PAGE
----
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Ganirelix Acetate

Generic Name: ganirelix (GA ni REL ix)
Brand Name: Antagon, Ganirelix Acetate

Medically reviewed by Drugs.com on Dec 17, 2018 – Written by Cerner Multum

What is Ganirelix Acetate?

Ganirelix Acetate is a man-made form of a protein that reduces the amount of certain hormones in the body, including estrogen.

Ganirelix Acetate is used along with other medications to regulate hormones during treatment for infertility in women.

Ganirelix Acetate may also be used for purposes not listed in this medication guide.

Important Information

You should not use this medication if you are allergic to Ganirelix Acetate or similar medications such as leuprolide (Lupron, Eligard), goserelin (Zoladex), or nafarelin (Synarel).

Before using Ganirelix Acetate, tell your doctor if you are allergic to latex rubber.

Do not use Ganirelix Acetate if you are already pregnant. Your doctor may give you a pregnancy test to make sure you are not pregnant before you receive Ganirelix Acetate.

You should not breast-feed while you are being treated with Ganirelix Acetate.

During your treatment with Ganirelix Acetate, your blood may need to be tested often. Visit your doctor regularly. You must remain under the care of your doctor while using Ganirelix Acetate.

Some women using Ganirelix Acetate Acetate have developed a condition called ovarian hyperstimulation syndrome (OHSS), especially after the first treatment cycle. OHSS can be a life-threatening condition. Call your doctor right away if you have any of the following symptoms of OHSS: severe pelvic or stomach pain, swelling or weight gain, shortness of breath, diarrhea, nausea, vomiting, or urinating less than usual.

Before taking this medicine

You should not use this medication if you are allergic to Ganirelix Acetate or similar medications such as leuprolide (Lupron, Eligard), goserelin (Zoladex), or nafarelin (Synarel).

Before using Ganirelix Acetate, tell your doctor if you are allergic to latex rubber.

FDA pregnancy category X. This medication can harm an unborn baby or cause birth defects. Do not use Ganirelix Acetate if you are already pregnant. Your doctor may give you a pregnancy test to make sure you are not pregnant before you receive Ganirelix Acetate. Tell your doctor right away if you become pregnant during treatment.

It is not known whether ganirelix passes into breast milk or if it could harm a nursing baby. You should not breast-feed while you are being treated with ganirelix.

How should I use Ganirelix Acetate?

Ganirelix Acetate is injected under the skin. You may be shown how to use injections at home. Do not self-inject Ganirelix Acetate Acetate if you do not fully understand how to give the injection and properly dispose of used needles and syringes.

Ganirelix Acetate is usually given once daily for several days in a row during certain phases of your fertility treatment cycle. Follow your doctor's instructions and try not to miss any doses.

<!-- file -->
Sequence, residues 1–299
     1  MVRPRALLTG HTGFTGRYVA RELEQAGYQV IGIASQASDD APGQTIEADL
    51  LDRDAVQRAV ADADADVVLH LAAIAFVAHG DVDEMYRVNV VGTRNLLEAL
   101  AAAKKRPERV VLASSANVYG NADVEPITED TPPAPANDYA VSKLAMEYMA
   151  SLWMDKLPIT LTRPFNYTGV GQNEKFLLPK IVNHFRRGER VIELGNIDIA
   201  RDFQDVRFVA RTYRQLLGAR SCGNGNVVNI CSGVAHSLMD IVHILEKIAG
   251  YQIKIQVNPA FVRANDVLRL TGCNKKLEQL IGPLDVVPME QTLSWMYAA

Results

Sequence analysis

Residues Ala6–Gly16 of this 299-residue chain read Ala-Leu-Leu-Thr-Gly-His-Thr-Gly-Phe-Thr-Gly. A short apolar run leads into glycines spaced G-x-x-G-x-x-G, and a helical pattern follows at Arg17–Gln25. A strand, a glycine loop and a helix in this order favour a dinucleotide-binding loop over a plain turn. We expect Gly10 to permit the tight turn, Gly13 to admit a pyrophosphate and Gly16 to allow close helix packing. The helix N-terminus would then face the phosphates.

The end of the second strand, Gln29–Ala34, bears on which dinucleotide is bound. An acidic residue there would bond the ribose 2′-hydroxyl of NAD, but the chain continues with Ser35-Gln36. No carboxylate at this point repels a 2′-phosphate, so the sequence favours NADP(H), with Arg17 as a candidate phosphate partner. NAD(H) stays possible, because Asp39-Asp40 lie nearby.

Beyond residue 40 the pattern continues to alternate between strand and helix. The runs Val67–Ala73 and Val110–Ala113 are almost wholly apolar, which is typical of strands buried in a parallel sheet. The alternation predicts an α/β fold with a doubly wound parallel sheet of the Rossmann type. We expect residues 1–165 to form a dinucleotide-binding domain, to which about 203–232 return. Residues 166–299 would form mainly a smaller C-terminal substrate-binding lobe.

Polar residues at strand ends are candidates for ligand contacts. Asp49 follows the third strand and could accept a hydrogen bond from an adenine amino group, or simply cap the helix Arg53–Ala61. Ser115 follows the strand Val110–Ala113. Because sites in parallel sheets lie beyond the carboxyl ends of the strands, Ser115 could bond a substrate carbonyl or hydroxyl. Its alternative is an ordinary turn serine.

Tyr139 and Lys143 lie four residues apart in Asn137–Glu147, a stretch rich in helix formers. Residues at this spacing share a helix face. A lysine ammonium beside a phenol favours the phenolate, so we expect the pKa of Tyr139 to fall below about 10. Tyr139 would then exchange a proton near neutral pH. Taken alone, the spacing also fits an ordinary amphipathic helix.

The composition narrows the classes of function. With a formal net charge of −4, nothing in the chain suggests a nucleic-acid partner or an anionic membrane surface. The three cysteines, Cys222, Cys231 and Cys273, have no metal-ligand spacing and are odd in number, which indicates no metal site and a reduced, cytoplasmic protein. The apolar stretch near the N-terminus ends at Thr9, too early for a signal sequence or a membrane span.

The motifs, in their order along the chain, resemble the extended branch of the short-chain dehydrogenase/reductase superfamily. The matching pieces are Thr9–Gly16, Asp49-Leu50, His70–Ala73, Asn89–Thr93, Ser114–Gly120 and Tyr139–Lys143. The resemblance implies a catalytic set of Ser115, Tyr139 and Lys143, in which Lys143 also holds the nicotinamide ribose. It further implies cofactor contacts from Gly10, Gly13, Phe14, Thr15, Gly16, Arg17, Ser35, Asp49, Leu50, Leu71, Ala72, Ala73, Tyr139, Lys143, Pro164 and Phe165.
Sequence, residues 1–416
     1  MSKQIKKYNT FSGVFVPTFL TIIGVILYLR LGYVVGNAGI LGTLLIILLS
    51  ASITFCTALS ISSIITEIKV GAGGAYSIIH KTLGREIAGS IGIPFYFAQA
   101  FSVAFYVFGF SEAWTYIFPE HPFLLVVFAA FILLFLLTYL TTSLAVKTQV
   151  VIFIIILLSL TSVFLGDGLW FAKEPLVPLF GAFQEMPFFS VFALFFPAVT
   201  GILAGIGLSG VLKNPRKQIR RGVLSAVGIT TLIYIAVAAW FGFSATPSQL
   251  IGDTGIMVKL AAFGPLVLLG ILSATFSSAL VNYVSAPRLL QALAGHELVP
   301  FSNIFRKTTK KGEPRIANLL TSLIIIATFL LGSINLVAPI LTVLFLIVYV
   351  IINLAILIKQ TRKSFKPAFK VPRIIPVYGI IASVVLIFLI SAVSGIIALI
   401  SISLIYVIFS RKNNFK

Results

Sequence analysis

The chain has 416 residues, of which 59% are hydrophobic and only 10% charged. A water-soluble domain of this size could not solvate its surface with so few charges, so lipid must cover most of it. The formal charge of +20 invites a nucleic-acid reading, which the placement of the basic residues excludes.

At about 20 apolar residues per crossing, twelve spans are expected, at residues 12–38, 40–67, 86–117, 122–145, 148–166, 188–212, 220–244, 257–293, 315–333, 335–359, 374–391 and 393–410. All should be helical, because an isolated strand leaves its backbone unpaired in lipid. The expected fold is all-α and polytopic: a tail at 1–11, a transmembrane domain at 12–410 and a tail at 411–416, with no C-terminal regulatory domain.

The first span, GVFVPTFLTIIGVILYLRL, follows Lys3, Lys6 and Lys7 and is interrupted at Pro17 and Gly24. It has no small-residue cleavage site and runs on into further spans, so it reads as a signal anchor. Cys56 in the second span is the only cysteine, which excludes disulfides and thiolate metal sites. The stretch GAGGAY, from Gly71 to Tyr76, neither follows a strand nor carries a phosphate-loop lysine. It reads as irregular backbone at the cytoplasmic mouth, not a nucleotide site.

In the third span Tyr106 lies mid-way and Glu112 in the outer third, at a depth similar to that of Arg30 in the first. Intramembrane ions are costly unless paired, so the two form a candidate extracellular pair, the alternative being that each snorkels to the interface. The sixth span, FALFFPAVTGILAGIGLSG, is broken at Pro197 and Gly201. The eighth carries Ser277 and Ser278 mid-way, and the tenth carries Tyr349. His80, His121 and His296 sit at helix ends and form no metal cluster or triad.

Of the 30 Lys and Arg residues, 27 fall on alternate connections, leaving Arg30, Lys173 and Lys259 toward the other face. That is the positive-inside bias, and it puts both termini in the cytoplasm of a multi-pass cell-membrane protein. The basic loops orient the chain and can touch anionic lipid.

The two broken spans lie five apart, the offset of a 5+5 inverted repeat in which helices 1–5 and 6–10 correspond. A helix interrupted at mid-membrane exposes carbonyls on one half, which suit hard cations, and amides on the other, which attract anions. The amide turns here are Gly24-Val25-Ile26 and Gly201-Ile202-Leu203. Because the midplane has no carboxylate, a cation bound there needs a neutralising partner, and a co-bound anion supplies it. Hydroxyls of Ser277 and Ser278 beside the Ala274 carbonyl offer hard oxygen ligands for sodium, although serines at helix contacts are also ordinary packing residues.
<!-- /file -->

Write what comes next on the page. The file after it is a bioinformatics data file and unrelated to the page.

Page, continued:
Each single use vial (bottle) of this medicine is for one use only. Throw away after one use, even if there is still some medicine left in it after injecting your dose.

Use each disposable needle only one time. Throw away used needles in a puncture-proof container (ask your pharmacist where you can get one and how to dispose of it). Keep this container out of the reach of children and pets.

During your treatment with Ganirelix Acetate, your blood may need to be tested often. Visit your doctor regularly. You must remain under the care of your doctor while using Ganirelix Acetate.

Store the prefilled syringe at room temperature, away from heat, moisture and light.

What happens if I miss a dose?

Call your doctor for instructions if you miss a dose.

What happens if I overdose?

Seek emergency medical attention or call the Poison Help line at 1-800-222-1222.

What should I avoid while using Ganirelix Acetate?

Follow your doctor's instructions about any restrictions on food, beverages, or activity.

Ganirelix Acetate side effects

Get emergency medical help if you have any of these signs of an allergic reaction: hives; difficult breathing; swelling of your face, lips, tongue, or throat.

Some women using Ganirelix Acetate Acetate have developed a condition called ovarian hyperstimulation syndrome (OHSS), especially after the first treatment cycle. OHSS can be a life-threatening condition. Call your doctor right away if you have any of the following symptoms of OHSS:

  • severe pelvic pain;

  • swelling of the hands or legs;

  • stomach pain and swelling;

  • shortness of breath;

  • weight gain;

  • diarrhea;

  • nausea or vomiting; or

  • urinating less than usual.

Less serious side effects may include:

  • pelvic pain (similar to menstrual cramps);

  • mild nausea or stomach pain;

  • headache;

  • vaginal bleeding; or

  • pain, redness, or irritation at the injection site.

This is not a complete list of side effects and others may occur. Call your doctor for medical advice about side effects. You may report side effects to FDA at 1-800-FDA-1088.

What other drugs will affect Ganirelix Acetate?

There may be other drugs that can interact with Ganirelix Acetate. Tell your doctor about all medications you use. This includes prescription, over-the-counter, vitamin, and herbal products. Do not start a new medication without telling your doctor.

Further information

Remember, keep this and all other medicines out of the reach of children, never share your medicines with others, and use this medication only for the indication prescribed.

Always consult your healthcare provider to ensure the information displayed on this page applies to your personal circumstances.

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